Stagecoach turns up UK focus after selling US arm

Stagecoach, the Perth-based transport operator, is to target growth opportunities closer to home after sealing a deal to sell its under-pressure US business two decades after launching into the North America market.

Stagecoach chief executive Martin Griffiths. Picture: Fraser Band

The agreement, which values the division at $271.4 million (£214.4m), comes just weeks after the bus and rail giant revealed that talks were underway to off-load the North American arm.

An £85.4m writedown in the division had sent the group reversing into the red at the half-year stage.

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The sale to private equity firm Variant Equity Advisors will see the Scots group receive $207m and transfer net debt of $64.4m. The deal is expected to complete by the end of the group’s financial year to 27 April.

Stagecoach’s US business includes inter-city coach services, commuter services, airport transportation, sightseeing tours and charter services. But it has been struggling amid increased competition.

The group said the disposal would allow it to “realise an attractive valuation” for the business while refocusing its UK division and concentrating on growth opportunities in its domestic market.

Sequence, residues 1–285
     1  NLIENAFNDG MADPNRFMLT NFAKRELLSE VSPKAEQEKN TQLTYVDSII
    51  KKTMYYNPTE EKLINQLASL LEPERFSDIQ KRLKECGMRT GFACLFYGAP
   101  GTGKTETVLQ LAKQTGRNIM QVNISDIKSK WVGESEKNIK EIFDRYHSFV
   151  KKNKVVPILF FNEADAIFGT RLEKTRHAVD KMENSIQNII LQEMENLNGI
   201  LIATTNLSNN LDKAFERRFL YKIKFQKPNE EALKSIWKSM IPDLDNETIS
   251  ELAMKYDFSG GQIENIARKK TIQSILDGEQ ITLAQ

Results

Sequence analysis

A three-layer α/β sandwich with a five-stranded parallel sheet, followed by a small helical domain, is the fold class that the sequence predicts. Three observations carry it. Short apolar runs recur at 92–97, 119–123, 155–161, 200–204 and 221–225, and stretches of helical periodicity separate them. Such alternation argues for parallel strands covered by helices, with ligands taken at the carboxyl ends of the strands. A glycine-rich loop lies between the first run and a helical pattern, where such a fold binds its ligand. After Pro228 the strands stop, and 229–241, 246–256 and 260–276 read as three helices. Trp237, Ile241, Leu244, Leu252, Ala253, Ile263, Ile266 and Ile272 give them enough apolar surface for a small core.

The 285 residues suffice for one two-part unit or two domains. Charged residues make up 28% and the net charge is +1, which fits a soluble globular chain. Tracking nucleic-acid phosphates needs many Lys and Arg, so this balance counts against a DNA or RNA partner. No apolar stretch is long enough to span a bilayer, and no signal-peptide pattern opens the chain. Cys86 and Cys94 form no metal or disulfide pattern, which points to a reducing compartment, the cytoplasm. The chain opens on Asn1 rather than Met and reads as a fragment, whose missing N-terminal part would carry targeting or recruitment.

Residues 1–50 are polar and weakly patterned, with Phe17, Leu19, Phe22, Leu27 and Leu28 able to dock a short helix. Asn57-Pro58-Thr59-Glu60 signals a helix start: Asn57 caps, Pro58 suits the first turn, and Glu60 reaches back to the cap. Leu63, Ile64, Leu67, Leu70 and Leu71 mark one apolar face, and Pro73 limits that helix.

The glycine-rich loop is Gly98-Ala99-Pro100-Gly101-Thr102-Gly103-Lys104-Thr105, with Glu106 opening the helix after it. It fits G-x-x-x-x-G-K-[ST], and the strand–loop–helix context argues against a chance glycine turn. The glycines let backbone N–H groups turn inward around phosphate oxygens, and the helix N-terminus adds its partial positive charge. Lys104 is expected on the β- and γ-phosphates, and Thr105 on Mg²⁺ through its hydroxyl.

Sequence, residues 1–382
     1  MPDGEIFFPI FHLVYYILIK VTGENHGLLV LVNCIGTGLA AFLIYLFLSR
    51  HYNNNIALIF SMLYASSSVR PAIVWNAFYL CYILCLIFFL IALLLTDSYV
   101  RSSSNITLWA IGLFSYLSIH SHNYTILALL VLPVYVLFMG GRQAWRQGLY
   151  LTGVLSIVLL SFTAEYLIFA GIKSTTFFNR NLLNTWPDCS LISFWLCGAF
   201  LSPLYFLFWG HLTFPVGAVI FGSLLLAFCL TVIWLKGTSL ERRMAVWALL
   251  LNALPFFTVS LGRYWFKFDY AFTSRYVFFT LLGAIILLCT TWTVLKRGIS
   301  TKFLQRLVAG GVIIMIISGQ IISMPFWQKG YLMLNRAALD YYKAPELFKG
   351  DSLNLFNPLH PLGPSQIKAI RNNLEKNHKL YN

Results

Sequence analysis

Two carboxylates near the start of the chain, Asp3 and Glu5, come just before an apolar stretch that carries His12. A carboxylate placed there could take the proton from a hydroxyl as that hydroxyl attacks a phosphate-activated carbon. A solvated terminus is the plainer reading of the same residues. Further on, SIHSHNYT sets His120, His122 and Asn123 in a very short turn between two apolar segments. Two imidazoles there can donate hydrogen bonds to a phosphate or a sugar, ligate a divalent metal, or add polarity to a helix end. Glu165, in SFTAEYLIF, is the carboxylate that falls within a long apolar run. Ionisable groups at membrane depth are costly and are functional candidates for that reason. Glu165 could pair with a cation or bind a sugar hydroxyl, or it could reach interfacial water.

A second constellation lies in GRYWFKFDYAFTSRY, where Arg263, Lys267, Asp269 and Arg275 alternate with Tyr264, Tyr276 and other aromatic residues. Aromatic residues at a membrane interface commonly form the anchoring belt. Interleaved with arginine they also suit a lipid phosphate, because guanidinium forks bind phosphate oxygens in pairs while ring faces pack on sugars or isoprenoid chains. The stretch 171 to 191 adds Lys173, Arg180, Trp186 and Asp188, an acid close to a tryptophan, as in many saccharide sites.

Chief executive Martin Griffiths said: “During our two decades in the North American transportation market, our success included reinvigorating the inter-city coach sector and delivering growth with our innovative brand.

“We have a great team of people who have ensured we have played a leading role in the development of public transportation in the United States and Canada.

“The sale of our North American operations will allow management to focus more closely on the significant opportunities for growth in the UK.

“We have strong bus and rail operations in the UK where public transport has good prospects as the clear solution to the challenges of increasing road congestion and poor air quality.”

The group’s US business employs some 4,500 people and operates a fleet of more than 2,000 buses and coaches.

In the six months to 27 October, the division saw revenues fall 3.2 per cent, while earnings fell to $21.2m from $27.6m.

Gerald Khoo, a transport analyst at brokerage Liberum, noted: “The group needed to get big or get out. Given the headwinds to demand from lower fuel prices making car travel and airline competitors more price competitive, growing megabus organically was challenging.”

“Against that backdrop, exiting North America appears the better option, in our view, despite the slightly disappointing valuation achieved.”

Interim results released earlier this month by Stagecoach, covering the six months to 27 October, revealed that the group swung to a pre-tax loss of £22.6m compared with profits of £96.7m a year earlier.

The interim dividend was maintained at 3.8p.